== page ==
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Recycling solid waste

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Recycling solid waste

  1. 1. RECYCLING SOLID WASTE AND ITS MANAGEMENT
  2. 2. WHAT IS RECYCLING?  Recycling turns materials that would otherwise become waste into valuable resources and generates a host of environmental, financial, and social benefits. After collection, materials (e.g., glass, metal, plastics, and paper) are separated and sent to facilities that can process them into new products and materials
  3. 3. BENEFITS There are following benefits for recycling solid waste: 1. Economic 2. Environmental 3. Employee Morale 4. Corporate Image 5. Compliance
  4. 4. BENEFITS Economic Potential economic advantages of waste prevention include:  Reduced waste disposal fees Revenues from recycling commodities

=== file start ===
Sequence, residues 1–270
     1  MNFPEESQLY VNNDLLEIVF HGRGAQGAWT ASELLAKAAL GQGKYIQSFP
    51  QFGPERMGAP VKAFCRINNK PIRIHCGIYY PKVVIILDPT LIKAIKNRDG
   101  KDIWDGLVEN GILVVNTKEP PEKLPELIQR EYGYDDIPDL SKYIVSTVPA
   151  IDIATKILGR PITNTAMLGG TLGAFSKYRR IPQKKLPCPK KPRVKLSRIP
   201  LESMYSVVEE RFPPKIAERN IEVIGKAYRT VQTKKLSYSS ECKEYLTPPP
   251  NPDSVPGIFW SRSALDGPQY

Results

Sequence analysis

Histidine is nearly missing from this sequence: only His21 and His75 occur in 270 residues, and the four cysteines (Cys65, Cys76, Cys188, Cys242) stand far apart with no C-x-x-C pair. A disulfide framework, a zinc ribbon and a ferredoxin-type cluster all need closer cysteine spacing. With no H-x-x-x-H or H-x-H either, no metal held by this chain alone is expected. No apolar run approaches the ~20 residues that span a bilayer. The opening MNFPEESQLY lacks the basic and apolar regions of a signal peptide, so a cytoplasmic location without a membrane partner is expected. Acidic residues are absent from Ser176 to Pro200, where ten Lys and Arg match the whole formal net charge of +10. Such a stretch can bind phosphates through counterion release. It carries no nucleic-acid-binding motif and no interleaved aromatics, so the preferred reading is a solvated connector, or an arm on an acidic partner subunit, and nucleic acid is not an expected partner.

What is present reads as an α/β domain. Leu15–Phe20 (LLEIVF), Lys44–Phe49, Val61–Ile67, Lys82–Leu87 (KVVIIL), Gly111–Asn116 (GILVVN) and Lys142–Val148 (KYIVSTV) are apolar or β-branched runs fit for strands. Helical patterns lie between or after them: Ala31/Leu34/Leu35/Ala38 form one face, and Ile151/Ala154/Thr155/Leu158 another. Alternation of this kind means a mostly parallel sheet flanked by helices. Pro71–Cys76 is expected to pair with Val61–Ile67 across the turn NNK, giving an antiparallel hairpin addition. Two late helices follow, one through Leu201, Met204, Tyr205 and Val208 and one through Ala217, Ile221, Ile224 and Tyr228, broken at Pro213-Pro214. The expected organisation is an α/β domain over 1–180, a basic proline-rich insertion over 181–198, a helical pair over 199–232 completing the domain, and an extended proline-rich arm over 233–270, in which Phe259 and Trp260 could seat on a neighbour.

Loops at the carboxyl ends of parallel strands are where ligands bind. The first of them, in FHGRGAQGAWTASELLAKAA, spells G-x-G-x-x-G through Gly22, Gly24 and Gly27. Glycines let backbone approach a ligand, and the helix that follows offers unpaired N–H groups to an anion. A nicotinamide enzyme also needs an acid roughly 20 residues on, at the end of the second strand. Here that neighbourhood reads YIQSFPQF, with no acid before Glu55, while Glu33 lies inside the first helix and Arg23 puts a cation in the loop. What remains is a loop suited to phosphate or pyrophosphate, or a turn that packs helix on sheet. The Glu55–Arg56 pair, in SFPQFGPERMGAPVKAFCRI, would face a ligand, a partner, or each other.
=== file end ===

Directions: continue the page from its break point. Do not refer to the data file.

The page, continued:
5. 5. BENEFITS  Environmental  The environmental benefits include:  Reduced energy consumption  Reduced pollution  Conservation of natural resources  Extension of valuable landfill capacity  Stimulates the development of greener technologies  Prevents emissions of many greenhouse gases and water pollutants
  6. 6. BENEFITS  Employee Morale  Employees morale improves when they see the company taking steps to reduce waste through recycling  This heightened morale could increase employee enthusiasm, productivity and more waste prevention measures  Some companies use recycling revenues for employee recreation (I.e. picnics, holiday parties etc.)
  7. 7. BENEFITS  Corporate Image  When customers and the surrounding neighborhoods see that the company is environmentally conscious, it creates a favorable image of the company  An enhanced corporate image might attract customers  Surveys show that more and more consumers consider a firm's environmental record when making purchasing decisions